Gonzales, H. M.
Somatisation in primary care: A comparative study of Australians, Latin Americans, Vietnamese, and Polish living in Australia.
Psychreg Journal of Psychology, 2 (1), 39-55.
This study identified differences in somatisation symptoms, psychiatric status, and the relationship between acculturation and somatisation. It also investigated GP’s (general practitioners) ability to detect somatisation in primary healthcare setting. A survey was carried out on 207 patients from Australia, Latin America, Vietnam, and Poland. A demographic questionnaire, an acculturation questionnaire, the Somatization Scale of the Symptom Checklist-90-Revised (SCL-90-R), the Self-Reporting Questionnaire (SRQ), and the Illness Behaviour Questionnaire (IBQ) were administered in the participants’ respective languages. In addition, GPs completed a brief rating scale with findings from medical consultation. These results demonstrated that psychosocial status was highly correlated to somatisation for Australians, Latin Americans, Vietnamese, and Polish. Overall, however, these groups did not present significant differences in symptoms of somatisation. GPs were generally inaccurate in detecting psychosocial difficulties and acculturation did not predict levels of somatisation in the three ethnic groups.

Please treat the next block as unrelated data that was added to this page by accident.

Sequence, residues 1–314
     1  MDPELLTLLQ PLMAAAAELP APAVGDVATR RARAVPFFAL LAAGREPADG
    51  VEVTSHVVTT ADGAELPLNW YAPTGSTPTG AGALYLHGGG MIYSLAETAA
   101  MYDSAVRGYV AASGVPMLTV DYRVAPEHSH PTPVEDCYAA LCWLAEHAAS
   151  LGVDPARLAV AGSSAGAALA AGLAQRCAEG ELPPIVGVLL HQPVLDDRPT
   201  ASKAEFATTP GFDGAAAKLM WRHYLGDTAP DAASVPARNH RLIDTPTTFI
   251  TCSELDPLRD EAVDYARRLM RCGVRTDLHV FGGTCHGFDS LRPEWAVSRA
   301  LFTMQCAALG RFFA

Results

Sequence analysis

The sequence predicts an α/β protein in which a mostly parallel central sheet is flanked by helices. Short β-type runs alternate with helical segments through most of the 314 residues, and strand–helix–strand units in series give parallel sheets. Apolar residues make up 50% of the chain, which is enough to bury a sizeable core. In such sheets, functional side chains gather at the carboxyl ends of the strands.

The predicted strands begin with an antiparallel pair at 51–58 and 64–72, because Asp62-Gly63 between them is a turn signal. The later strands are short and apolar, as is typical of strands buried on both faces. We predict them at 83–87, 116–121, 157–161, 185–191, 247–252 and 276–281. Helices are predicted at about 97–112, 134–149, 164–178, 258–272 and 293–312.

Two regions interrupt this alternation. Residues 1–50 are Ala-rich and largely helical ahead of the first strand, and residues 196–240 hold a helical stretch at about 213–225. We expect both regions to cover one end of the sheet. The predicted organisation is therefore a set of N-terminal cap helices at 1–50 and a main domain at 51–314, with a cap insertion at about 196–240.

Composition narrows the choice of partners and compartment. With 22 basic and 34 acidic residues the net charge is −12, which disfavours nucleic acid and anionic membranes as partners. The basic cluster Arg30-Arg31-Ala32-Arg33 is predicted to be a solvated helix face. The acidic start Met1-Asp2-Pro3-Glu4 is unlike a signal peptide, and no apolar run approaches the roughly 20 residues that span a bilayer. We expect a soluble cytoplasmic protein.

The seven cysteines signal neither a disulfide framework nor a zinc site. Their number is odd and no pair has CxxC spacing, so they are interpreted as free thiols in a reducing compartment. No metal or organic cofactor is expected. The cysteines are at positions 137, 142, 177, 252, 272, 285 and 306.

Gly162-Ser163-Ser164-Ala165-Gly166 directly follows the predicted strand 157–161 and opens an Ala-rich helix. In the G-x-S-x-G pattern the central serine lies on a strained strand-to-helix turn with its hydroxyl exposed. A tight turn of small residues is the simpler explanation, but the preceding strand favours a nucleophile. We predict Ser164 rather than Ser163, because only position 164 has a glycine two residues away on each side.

acculturation, ethnic groups, primary care, psychiatric disorder, somatisation